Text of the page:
Of the beautiful Annabel Lee;
And the stars never rise but I feel the bright eyes
Of the beautiful Annabel Lee;
And so, all the night-tide, I lie down by the side
Of my darling, my darling, my life and my bride,
In the sepulcher there by the sea,
In her tomb by the sounding sea.

Saturday, October 25, 2008

Road trip

Right before we left on our road trip to Charleston, we made the mistake of watching, "Deliverance." Wow. I'd never seen the film before, and it was pretty disturbing. Needless to say, my enthusiasm about stopping off at little roadside places along our route was slightly dampened.
We drove through some of Florida's horse country, which consists of lots of land, and tiny towns that generate a lot of revenue through speed traps. Along the way, we spotted some firsts, like these purple peppers...

...and a school bus with monster tires...

The following place was not a "first," but rather a scary sight that we've all seen somewhere else before: a little motel with an owner who happens to be interested in taxidermy.

Shower anyone?

"Visit our FREE museum!" Um, no thanks.

Then, as if that weren't frightening enough...we came upon this little church. The Deliverance Tabernacle.

A little free p.r. advice: change your name!!

I was happy when we started seeing signs of the changing landscape, getting into the low country.

And very pleased to see the civilized entrance to the state of South Carolina. There are stiff penalties for littering here, so the roadsides are pristine.

I really started to relax when I spotted Big Mama, as we were entering Charleston.

Whew, we made it!

Ahh, winding down with a cold drink and a game of chess in our bastion of overpriced civilization; I'll take it!

Wednesday, October 08, 2008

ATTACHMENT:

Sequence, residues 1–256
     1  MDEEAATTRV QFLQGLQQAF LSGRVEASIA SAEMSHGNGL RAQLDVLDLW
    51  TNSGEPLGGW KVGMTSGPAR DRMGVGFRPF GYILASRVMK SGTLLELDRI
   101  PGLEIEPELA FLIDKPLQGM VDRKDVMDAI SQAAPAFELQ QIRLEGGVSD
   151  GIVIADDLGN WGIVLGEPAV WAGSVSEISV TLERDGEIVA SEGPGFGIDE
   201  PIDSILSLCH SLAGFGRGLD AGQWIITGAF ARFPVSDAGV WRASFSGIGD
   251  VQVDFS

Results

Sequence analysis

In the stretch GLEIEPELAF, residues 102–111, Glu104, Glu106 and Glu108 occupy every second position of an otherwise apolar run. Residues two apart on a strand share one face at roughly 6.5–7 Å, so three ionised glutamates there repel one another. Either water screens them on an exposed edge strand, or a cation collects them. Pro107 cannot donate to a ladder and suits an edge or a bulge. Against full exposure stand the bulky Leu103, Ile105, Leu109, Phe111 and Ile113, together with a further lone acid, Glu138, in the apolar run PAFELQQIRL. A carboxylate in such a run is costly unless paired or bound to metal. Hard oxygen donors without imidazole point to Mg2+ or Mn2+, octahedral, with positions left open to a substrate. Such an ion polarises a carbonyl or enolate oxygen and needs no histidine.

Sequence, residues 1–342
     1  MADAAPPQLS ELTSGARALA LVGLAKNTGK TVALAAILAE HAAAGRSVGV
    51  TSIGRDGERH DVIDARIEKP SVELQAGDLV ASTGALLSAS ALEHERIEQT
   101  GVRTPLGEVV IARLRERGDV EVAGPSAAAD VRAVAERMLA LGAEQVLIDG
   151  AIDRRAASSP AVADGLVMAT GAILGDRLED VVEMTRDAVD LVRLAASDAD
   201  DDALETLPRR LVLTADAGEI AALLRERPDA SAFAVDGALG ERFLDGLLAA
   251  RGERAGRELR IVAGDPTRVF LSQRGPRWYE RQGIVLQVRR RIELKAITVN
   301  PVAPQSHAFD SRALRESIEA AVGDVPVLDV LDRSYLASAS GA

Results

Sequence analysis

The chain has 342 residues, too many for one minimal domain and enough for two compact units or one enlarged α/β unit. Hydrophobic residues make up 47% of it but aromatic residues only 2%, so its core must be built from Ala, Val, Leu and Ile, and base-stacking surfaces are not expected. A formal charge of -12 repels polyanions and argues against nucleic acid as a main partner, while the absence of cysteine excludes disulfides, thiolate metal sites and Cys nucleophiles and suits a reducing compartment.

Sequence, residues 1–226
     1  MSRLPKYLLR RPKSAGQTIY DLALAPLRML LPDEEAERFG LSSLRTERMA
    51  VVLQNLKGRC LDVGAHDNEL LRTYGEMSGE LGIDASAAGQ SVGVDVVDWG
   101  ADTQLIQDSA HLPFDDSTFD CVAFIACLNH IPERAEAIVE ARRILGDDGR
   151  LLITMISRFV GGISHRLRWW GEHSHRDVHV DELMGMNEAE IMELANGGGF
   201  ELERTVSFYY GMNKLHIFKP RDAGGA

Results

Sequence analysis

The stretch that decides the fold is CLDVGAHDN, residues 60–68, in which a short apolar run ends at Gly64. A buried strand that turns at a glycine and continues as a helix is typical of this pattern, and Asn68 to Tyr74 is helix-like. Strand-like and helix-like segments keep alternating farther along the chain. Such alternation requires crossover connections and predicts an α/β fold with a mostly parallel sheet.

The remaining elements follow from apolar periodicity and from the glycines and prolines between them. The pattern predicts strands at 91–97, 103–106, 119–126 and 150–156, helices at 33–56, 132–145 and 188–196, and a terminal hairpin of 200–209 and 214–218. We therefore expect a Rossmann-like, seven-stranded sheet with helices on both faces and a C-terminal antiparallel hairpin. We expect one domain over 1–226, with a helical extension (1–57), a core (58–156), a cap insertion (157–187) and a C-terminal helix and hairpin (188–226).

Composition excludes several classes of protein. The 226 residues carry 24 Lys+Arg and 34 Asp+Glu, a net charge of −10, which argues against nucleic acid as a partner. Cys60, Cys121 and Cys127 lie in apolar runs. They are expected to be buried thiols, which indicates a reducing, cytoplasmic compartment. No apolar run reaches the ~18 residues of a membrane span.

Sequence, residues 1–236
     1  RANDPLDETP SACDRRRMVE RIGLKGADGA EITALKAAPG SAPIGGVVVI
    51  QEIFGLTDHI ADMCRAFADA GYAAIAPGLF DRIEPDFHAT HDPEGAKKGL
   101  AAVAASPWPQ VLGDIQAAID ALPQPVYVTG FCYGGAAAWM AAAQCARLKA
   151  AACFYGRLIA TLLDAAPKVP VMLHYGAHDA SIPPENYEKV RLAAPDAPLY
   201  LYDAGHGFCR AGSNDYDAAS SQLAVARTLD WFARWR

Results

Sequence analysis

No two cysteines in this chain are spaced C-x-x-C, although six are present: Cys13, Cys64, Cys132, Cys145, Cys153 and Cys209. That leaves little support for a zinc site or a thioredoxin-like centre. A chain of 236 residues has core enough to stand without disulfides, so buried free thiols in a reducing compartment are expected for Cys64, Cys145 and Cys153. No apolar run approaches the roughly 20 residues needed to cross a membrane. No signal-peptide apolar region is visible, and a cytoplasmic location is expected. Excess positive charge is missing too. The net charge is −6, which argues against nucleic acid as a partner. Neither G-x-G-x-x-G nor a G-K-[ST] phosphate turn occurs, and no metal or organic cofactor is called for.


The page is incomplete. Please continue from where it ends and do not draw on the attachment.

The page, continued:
Cappuccino & water

I like how cops who are part of K-9 units always refer to their dogs as their "partner," because it shows the respect within their relationship.
Lucky is often my partner on outings -- he loves riding shotgun. Look at that smile.

Catching the breeze. Lots of good stuff to sniff.

We recently enjoyed a visit to our favorite cafe, for cappuccino and water. Lucky likes this place b/c he's always welcome, and sometimes he gets a plate of ham! Sarasota is a pretty dog-friendly town.

The boys and I met up with our friend, Ms. Barbara, or, as I like to call her, "Ms. Bahbwa." She is my son's former speech therapist, and, I guess ever since he graduated, we have developed this twisted sense of humor wherein we think it's funny to mispronounce words. I know it's terrible, but we do things like tell Cooper that we're going to "cwy" if he doesn't give us a kiss.
Here she is arriving, with her Obama hat in hand. She's fired up.

I think we all appreciate days like this!

Friday, October 03, 2008

Friday Friday

"Help me, Obi-Wan Kenobi; you're my only hope."

Wednesday, October 01, 2008

J'adore Tim Gunn

I just finished reading Tim Gunn's wonderful book, A Guide to Quality, Taste & Style, which I really enjoyed.
I'm not a big watcher of "Project Runway," but do think the charming and dashing Mr. Gunn is the highlight of that show. His book is an interesting & fun read, with gems of advice that had me chuckling throughout.

One of the features he includes in his book is a list of "films of style." Gunn recommends the following films not "solely for their wardrobes -- even though many of them are exemplary." A great list, very much appreciated, and definitely worth sharing:

Doctor Zhivago
The Women
Auntie Mame
Dark Victory
The Bachelor and the Bobby-Soxer
The Palm Beach Story
The Fountainhead
Funny Face
Dinner at Eight
The Philadelphia Story
All About Eve
Austin Powers
Valley of the Dolls
The Devil Wears Prada
The Draughtsman's Contract
The Go-Between
Prospero's Books
Grey Gardens
Mildren Pierce
Last Year at Marienbad
Masculin Feminin
Funny Girl
Desk Set
A Place in the Sun

Some of these, like "Auntie Mame" are all-time favorites of mine, and others -- I've never even heard of, so I'm thrilled. I hope you find something you like on this list, too.